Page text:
Cloning and disruption of a putative NaH-antiporter gene of Enterococcus hirae

Mathilde Waser, Denise Hess-Bienz, Kelvin Davies, Marc Solioz

Research output: Contribution to journalArticlepeer-review

96 Scopus citations

Abstract

When growing in a sodium-rich environment, wildtype Enterococcus hirae extrudes sodium by two mechanisms, ATP-driven sodium extrusion, and NaH-antiport. Mutant 7683 is unable to grow on sodium-rich media. This is due to two mutations, one inactivating ATP-driven sodium transport and a second rendering NaH-antiport inoperative. 7683 was transformed by electroporation with a gene bank, derived from E. hirae, in an Escherichia coli-E. hirae shuttle vector. Transformants which had regained the ability to grow on sodium-rich media were selected for and the transforming plasmids analyzed. A gene able to restore NaH-antiport activity in 7683 was identified. This gene was named napA. It codes for an extremely hydrophobic protein of 383 amino acids. Hydropathy analysis of this protein indicates that it probably forms 12 transmembraneous helices. In a mutant, possessing only the NaH-antiporter, the napA gene was disrupted by homologous recombination. The resultant strain failed to grow in sodium-rich media, and vesicles isolated from these cells exhibited a defect in sodium proton antiport activity. We conclude that the napA gene codes for a NaH-antiporter. The NapA protein does not exhibit significant homology to any protein in the EMBL genetic data bank.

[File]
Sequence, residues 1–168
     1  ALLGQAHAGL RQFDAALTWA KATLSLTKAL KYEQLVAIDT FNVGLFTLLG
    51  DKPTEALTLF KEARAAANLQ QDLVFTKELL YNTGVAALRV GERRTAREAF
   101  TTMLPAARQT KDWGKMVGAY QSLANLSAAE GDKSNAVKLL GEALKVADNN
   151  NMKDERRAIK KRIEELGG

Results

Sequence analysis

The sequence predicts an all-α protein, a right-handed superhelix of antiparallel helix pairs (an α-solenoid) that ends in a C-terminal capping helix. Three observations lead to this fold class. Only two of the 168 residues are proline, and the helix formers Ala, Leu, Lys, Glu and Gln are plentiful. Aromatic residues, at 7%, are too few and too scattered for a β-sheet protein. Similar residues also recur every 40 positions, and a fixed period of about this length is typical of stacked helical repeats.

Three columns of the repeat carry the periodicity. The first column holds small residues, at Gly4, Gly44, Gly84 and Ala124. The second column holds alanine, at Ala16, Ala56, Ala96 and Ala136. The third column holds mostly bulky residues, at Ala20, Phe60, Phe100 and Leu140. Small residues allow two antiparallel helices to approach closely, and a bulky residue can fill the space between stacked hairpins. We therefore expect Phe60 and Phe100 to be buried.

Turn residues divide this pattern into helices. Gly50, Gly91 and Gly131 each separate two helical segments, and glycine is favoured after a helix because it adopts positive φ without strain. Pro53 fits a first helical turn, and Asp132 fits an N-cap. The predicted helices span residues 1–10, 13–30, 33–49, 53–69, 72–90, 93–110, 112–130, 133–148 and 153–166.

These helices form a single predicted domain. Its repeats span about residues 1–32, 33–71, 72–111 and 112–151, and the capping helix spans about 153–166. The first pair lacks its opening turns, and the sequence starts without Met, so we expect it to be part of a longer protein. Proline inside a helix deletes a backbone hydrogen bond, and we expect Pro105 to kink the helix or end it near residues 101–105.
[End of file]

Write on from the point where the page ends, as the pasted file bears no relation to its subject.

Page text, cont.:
Original languageEnglish (US)
Pages (from-to)5396-5400
Number of pages5
JournalJournal of Biological Chemistry
Volume267
Issue number8
StatePublished - Mar 15 1992
Externally publishedYes

ASJC Scopus subject areas

  • Biochemistry
  • Molecular Biology
  • Cell Biology

Fingerprint

Dive into the research topics of 'Cloning and disruption of a putative NaH-antiporter gene of Enterococcus hirae'. Together they form a unique fingerprint.

Cite this